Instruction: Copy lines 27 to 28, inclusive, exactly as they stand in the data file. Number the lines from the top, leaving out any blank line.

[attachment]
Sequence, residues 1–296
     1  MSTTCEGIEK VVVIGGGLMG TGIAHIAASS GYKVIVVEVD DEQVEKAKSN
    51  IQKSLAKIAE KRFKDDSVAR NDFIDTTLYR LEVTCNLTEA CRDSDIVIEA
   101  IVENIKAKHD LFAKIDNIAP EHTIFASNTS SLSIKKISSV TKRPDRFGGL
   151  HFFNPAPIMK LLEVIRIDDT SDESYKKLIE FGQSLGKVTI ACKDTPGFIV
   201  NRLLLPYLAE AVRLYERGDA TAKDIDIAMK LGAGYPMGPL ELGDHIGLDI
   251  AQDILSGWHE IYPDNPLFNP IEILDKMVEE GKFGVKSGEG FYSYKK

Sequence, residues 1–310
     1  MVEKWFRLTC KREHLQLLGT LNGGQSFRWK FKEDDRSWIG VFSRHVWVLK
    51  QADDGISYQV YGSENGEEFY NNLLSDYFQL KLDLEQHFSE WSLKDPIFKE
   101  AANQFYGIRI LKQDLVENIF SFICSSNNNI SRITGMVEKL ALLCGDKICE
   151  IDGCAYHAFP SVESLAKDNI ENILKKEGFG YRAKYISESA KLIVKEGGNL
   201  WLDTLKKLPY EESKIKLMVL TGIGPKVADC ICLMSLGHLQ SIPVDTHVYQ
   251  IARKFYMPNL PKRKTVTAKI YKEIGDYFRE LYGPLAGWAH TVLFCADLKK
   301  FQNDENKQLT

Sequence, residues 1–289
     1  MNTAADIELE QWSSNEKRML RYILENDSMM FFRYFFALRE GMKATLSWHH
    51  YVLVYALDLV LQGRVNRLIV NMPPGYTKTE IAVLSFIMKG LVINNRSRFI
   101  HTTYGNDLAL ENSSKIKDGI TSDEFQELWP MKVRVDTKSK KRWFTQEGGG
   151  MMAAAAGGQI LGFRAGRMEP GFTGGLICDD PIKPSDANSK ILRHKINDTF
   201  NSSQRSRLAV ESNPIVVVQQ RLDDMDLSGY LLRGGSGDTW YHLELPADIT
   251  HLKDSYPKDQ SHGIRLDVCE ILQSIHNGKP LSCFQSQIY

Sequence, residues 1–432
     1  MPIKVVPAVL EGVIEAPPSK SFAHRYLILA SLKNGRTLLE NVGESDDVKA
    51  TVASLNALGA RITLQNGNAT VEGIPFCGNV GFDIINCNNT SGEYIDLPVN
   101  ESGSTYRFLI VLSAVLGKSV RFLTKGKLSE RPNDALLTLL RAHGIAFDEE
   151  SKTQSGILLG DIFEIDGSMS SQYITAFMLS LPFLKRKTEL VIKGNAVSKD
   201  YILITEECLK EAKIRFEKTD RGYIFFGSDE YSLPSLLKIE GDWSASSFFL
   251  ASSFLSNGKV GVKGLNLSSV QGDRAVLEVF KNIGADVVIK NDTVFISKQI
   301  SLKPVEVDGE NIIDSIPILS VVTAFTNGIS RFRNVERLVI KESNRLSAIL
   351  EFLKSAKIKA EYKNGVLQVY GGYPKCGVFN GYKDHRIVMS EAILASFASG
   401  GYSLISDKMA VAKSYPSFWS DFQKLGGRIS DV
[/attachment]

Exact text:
   151  SKTQSGILLG DIFEIDGSMS SQYITAFMLS LPFLKRKTEL VIKGNAVSKD
   201  YILITEECLK EAKIRFEKTD RGYIFFGSDE YSLPSLLKIE GDWSASSFFL